The department's thirty-fifth exception to the master's first report complains of the allowance by the master of certain expenses connected with the sale of gas appliances as expenses of the gas business, thereby reducing the net

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earnings of that business. The master found that the company maintains a division for the sale of appliances which is "kept separate from the gas division"; that the company makes a charge in the nature of rent to this division and does not include the original cost of appliances sold in the expenses of the gas division or credit the profits to that division; that under present conditions gas used for lighting, other than street lighting, is negligible; that its use is chiefly in heating, cooking, refrigeration, and for similar purposes; that the company employs salesmen to sell appliances and thus to promote the use of gas and charges their salaries and such commissions as are paid to them to the gas division under the heading of "New Business"; that bills for appliances sold and the credits thereon are handled by the same clerical force that handles the bills for gas sold; that the cost of this force is charged to "commercial expenses" of the gas business; that it is apparently not practicable to segregate this cost of clerical help between the two divisions; that the company charges the expenses of advertising the appliances to the expense of new business in its gas division; that the method of charging these various expenses was adopted in good faith; that the inference that they relate to the promotion of gas sales is a reasonable one; "that the item of new business in the list of expenses represents sums actually expended in acquiring new business in the manner stated"; that the company employs men to visit the premises of gas customers in response to complaints of leaks, faulty operation of appliances, and similar difficulties, the first half hour of such service being furnished free; that the company deems it important to the sale of gas that its service be operated satisfactorily and safely, and in good faith charges the expenses of this work to its gas business under the item "utilization."

We have no difficulty in agreeing that the expense of sending men to customers in response to complaints of leaks, of the faulty operation of appliances, whether purchased of the company or elsewhere, and of similar difficulties is a proper charge to the operating expenses of the gas business.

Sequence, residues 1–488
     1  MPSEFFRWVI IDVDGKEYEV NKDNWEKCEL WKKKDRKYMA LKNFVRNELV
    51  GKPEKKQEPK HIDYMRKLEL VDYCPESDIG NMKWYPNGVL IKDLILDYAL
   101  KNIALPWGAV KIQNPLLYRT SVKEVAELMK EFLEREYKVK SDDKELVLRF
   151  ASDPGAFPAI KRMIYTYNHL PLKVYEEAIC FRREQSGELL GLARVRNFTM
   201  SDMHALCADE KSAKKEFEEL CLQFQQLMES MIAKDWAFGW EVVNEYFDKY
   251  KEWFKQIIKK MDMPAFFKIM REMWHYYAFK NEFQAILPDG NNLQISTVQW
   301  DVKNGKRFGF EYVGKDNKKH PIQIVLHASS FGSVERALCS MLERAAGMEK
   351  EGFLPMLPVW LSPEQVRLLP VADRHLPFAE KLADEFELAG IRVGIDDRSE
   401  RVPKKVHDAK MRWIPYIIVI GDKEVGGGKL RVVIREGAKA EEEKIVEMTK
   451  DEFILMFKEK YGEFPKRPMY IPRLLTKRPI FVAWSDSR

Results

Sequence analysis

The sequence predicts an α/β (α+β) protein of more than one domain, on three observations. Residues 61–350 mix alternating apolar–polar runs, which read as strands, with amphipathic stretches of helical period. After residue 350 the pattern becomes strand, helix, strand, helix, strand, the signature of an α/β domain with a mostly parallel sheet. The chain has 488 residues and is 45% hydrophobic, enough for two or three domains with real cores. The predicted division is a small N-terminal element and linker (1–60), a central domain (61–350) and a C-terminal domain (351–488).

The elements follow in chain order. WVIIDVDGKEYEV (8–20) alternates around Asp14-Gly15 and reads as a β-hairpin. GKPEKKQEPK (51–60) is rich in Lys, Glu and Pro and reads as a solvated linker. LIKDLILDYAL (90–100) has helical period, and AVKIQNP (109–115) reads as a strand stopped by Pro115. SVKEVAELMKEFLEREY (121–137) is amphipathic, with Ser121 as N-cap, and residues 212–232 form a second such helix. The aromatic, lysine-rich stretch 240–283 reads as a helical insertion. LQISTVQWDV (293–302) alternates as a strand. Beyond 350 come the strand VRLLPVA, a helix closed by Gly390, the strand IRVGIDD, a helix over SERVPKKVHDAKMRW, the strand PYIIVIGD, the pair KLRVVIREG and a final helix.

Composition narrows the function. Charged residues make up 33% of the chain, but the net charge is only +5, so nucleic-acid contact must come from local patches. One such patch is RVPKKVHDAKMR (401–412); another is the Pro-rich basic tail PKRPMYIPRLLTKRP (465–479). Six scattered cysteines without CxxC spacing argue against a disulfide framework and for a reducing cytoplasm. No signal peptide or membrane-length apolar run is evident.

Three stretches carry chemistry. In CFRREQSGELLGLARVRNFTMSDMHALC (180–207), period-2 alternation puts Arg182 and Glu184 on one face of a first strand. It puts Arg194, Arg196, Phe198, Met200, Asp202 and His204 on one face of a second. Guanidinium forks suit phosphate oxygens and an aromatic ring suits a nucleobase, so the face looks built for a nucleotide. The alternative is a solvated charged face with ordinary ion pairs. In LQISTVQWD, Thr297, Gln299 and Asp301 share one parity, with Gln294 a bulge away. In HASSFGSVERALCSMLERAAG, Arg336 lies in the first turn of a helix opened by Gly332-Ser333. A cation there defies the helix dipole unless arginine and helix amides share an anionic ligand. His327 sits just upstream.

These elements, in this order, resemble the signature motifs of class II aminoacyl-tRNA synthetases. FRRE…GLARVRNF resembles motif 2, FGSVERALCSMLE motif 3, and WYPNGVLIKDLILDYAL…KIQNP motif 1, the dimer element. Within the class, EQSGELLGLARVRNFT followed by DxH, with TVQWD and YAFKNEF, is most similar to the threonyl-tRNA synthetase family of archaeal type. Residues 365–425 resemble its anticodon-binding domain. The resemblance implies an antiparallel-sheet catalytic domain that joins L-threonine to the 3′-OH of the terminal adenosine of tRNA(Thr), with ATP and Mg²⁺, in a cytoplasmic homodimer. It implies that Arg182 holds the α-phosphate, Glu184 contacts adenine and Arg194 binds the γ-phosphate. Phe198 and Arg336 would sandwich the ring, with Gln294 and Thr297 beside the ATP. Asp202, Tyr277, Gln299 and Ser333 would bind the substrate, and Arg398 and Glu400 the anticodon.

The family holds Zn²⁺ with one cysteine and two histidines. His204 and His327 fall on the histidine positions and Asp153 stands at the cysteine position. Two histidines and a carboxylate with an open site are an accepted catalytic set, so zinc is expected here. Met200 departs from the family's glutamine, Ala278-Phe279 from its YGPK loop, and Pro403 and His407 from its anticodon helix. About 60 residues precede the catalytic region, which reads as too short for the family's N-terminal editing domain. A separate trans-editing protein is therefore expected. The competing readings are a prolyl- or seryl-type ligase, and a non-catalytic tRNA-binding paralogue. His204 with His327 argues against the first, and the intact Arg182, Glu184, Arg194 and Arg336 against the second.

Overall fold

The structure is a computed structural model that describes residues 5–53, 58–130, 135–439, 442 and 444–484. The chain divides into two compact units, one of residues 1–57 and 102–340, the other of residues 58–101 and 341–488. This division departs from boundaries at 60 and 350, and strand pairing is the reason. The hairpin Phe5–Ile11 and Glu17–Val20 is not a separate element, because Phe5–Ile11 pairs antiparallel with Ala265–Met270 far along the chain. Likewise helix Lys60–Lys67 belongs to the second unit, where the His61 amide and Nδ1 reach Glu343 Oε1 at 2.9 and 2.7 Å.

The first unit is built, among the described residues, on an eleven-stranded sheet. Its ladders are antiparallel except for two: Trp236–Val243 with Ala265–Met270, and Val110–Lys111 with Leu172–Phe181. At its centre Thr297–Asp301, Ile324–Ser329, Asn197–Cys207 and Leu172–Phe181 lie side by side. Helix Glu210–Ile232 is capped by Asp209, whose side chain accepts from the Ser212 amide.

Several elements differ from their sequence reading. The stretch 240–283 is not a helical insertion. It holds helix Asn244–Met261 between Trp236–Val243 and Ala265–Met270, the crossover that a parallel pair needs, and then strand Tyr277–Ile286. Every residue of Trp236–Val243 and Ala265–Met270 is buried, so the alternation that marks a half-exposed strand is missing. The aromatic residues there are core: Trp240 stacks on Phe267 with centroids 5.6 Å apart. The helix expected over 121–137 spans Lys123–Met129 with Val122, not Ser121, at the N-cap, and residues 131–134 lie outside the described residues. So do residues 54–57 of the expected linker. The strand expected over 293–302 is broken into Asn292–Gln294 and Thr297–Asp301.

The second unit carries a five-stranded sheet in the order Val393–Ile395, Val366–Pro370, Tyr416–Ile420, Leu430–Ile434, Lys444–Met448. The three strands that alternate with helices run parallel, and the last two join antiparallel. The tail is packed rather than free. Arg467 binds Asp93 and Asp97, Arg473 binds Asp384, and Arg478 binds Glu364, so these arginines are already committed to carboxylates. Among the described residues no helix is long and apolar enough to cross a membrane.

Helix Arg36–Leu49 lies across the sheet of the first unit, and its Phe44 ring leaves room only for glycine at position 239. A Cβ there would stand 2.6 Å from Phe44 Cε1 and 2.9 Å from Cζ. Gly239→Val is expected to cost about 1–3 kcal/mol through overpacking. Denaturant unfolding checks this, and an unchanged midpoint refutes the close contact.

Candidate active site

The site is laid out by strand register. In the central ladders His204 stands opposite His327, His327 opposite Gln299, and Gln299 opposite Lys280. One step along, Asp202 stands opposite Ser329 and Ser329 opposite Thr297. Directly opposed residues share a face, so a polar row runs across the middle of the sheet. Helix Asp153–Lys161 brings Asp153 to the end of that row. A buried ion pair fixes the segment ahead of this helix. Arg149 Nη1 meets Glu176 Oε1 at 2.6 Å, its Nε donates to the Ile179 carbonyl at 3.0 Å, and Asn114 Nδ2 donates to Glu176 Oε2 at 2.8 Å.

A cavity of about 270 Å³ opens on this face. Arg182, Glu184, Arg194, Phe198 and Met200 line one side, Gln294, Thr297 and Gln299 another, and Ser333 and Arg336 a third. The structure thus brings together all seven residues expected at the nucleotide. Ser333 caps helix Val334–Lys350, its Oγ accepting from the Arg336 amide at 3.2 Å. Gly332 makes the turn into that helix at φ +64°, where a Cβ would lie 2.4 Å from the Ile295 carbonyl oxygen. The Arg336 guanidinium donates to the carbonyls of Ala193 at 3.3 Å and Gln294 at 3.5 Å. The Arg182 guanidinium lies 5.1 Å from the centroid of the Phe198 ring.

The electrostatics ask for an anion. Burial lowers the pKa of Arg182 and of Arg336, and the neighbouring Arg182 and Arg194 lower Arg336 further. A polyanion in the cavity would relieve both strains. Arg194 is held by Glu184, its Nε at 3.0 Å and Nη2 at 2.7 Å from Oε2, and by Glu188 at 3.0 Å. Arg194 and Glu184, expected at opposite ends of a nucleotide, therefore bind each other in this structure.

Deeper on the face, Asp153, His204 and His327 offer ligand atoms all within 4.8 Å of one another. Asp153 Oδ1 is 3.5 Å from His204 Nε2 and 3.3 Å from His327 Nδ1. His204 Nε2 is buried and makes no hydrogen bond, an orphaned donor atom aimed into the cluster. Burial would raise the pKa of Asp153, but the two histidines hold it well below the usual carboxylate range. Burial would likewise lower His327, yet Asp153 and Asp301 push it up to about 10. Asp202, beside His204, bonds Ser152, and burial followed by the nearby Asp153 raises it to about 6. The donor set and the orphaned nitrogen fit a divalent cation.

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But the cost of appliance salesmen, of clerical work of the appliance business, and the cost of advertising appliances for sale seem to us to stand on a different footing. The company argues with force, in substance, that gas cannot be bought by the consumer like ordinary merchandise but can be bought only by having it flow through appliances of one kind or another; that apart from these appliances it cannot be advertised effectively; and that whatever promotes the flow of gas through appliances promotes the sale of gas. But the difficulty with the argument seems to us to be that either it falls short of proving the point or it proves too much. If the appliance business is really a part of the gas business, the gas customers are entitled to have the profits from appliances included in the earnings of the gas business. If it is really a separate business its expenses ought not to be charged against the gas customers. In Lowell Gas Co. v. Department of Public Utilities, 324 Mass. 80, at page 99, we said, "The sale and servicing of gas appliances constitute a separate business from the supplying of gas . . . [citations]. It would not be fair, on the one hand, to charge all customers with higher rates so that some might buy appliances and have them serviced at less than cost, or, on the other hand, to lower the cost of gas service because of a profit on those items." See MacRae v. Selectmen of Concord, 296 Mass. 394, 398. In the present case the company treats the appliance business for most purposes as a separate business. It cannot consistently treat it as a part of the gas business for the purpose of the expenses here in question. Except for the Lowell case just referred to, no decisions of courts squarely in point have been brought to our attention, and we have found only one (cited in the footnote), but a great many decisions of regulatory boards are in accord with the position we take. [Note p110-1]